The companies sampled in the survey conducted recently include Equitorial Energy, Oceanic Energy, Morlap Shipping, Peacegate, Pokat Nigeria Limited, Al-Dawood Shipping, Potram Nigeria Limited, Joseph Sammy, Genesis Worldwide Shipping and Multi-trade Group all in Lagos; Niger-Delta Shipping in Warri, Delta State; and Starzs Investment Group in Port-Harcourt, Rivers State.

Ironically, all the shipping companies surveyed in Lagos are either dead or struggling to survive while the ones in Warri and Port-Harcourt are thriving.
A visit to the business premises of the 10 shipping companies, according to the report, revealed that the once thriving ventures have completely lost their glamour, with most of them owing staff salaries of up to one year.
The companies, which the General Secretary of the Indigenous Shipowners Association of Nigeria (ISAN), Capt. Niyi Labinjo, described as “struggling heavily”, have mostly downsized and are operating with less than 20 per cent of the workers they had about two years ago. All the companies are also heavily indebted to banks and are mostly unable to service the loans they took to buy ships.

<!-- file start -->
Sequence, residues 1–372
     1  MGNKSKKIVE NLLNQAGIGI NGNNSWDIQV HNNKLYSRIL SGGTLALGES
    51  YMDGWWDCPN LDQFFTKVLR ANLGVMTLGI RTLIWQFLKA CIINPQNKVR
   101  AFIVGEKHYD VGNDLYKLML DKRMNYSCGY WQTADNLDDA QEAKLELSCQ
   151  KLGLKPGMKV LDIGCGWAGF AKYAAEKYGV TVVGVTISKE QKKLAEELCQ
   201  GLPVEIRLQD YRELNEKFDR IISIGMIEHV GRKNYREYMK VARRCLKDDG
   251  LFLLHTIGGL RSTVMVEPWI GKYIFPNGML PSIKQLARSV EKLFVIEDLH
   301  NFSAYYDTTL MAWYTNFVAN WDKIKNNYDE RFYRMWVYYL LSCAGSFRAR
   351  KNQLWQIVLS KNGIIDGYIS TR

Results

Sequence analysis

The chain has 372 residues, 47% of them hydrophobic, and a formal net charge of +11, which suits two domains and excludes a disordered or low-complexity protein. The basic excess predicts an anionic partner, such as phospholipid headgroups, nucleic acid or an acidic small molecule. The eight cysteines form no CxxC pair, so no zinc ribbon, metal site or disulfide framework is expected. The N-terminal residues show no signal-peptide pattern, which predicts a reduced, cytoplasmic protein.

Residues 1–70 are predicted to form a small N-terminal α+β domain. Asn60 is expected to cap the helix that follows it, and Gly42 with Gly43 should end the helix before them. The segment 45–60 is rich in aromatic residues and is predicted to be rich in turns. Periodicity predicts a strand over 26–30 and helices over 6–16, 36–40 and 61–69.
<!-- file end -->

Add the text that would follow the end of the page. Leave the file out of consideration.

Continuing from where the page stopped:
Labinjo, who is also the President of Al Dawood Shipping, said that most of the ship owners have resorted to selling their landed properties to enable them service their bank loans, while others have lost prime properties to the banks.
The companies also owe their crew arrears of salaries ranging from six to 14 months, while some have sold off their vessels.

Genesis Worldwide Shipping, which was once seen as a thriving indigenous shipping company just four years ago, has completely gone under with not a single ship to operate.
The company, at its peak less than five years ago, had six ships.
The same fate, according to the report, has befallen Joseph Sammy Nigeria Limited with one of its staff describing it as “almost dead”. The only vessel left in the company’s fleet, MT Kemepade, was stolen recently. The ship was taken to a ship breaking yard in Ghana and the breakers were about to commence work on it before the owners found out. The case is in court in Ghana.